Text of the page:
Suggested Books for 2019-2020 Campus Reading Program

  1. Butterfly: From Refugee to Olympian – My Story of Rescue, Hope, and Triumph by Yasra Mardini
  2. Girl in Translation by Jean Kwok
  3. Homegoing by Yaa Gyasi
  4. In the Country We Love: My family divided by Diane Guerrero
  5. Outcasts United: An American Town, a Refugee Team, and One Woman’s Quest to Make a Difference by Warren St. John
  6. Reading with Patrick: A Teacher, a Student, and a Life-Changing Friendship by Michelle Kuo
  7. Signs Preceding the End of the World by Yuri Herrera
  8. Spare Parts: Four Undocumented Teenagers, One Ugly Robot, and the Battle for the American Dream by Joshua Davis
  9. Stranger: The Challenge of a Latino Immigrant in the Trump Era by Jorge Ramos
  10. Tell Me How It Ends: An Essay in Forty Questions by Valeria Luiselli
  11. The Best We Could Do: An Illustrated Memoir By Thi Bui
  12. The Distance Between Us: A Memoir by Reyna Grande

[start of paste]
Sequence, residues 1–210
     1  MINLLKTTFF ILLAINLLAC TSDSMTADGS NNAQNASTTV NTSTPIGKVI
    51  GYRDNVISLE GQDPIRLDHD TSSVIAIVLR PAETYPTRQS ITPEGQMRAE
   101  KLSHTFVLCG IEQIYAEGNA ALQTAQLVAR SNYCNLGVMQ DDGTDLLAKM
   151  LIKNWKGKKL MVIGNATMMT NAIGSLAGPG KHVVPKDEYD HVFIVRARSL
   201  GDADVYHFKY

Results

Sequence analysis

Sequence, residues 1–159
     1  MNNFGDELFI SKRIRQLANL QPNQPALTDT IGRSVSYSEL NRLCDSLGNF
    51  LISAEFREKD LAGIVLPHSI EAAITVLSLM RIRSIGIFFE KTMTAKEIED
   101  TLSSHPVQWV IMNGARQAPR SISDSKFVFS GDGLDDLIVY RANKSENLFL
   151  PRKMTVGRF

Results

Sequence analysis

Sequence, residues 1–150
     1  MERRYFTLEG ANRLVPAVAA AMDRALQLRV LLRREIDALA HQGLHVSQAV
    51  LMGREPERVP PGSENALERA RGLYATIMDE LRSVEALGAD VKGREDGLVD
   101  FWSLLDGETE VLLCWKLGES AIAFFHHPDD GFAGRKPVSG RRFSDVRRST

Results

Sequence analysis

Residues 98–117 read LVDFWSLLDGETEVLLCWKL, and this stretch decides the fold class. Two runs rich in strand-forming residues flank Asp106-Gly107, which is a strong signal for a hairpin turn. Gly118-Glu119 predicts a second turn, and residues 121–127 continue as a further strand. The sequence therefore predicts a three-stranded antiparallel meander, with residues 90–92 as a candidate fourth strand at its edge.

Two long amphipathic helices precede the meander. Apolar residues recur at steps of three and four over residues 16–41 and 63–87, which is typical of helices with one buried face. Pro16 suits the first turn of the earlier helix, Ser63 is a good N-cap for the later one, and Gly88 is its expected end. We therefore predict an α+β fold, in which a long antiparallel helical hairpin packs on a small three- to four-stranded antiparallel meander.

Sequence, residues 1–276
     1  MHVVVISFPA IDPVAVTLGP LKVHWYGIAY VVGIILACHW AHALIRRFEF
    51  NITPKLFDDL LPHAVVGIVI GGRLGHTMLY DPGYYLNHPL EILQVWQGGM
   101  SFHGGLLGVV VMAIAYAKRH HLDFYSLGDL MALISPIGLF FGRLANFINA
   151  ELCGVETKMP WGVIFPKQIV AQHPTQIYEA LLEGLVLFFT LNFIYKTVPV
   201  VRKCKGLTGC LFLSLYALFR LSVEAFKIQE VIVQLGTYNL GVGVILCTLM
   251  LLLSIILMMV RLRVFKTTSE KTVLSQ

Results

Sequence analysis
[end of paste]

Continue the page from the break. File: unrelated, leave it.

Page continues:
13. The Leavers: A Novel by Lisa Ko
  14. The Line Becomes a River: Dispatches from the Border Francisco Cantú
  15. What Lies Between Us: A Novel Nayomi Munaweera


  • Must be well written and engaging,
  • Must offer topics and themes conducive to stimulating thoughtful discussion, calling for critical thinking about ideas, issues, practices, values, traditions, relationships, or beliefs.
  • Must speak in a meaningful manner to our target audience (the entire campus community, but also newly entering freshmen we wish to win over to participating in and supporting a culture or reading).
  • Must provide connecting opportunities for cross- and interdisciplinary corollary lectures, activities, presentations, and/or performances to encourage integration across wide and diverse sections of the SJSU community (and perhaps into a range of different class assignment possibilities).
  • Must have received some critical praise or acclaim, with some evidence of popularity or the potential for popularity.
  • Must be published within the last five years.
  • Must be available in paperback by the time book orders for Summer Orientation sessions are due.
  • Must not be made into a film before or during the year of its selection.
  • Must not exceed 300 pages.
  • Might speak to a significant “hot topic” current social issue, might have a special or particular tie to our campus history or local city and area culture and history.

(NOTE– On issues such as date of publication or page length, if the selection is extremely strong in other areas and gets very positive support from a majority of the committee, these criteria can be waived.)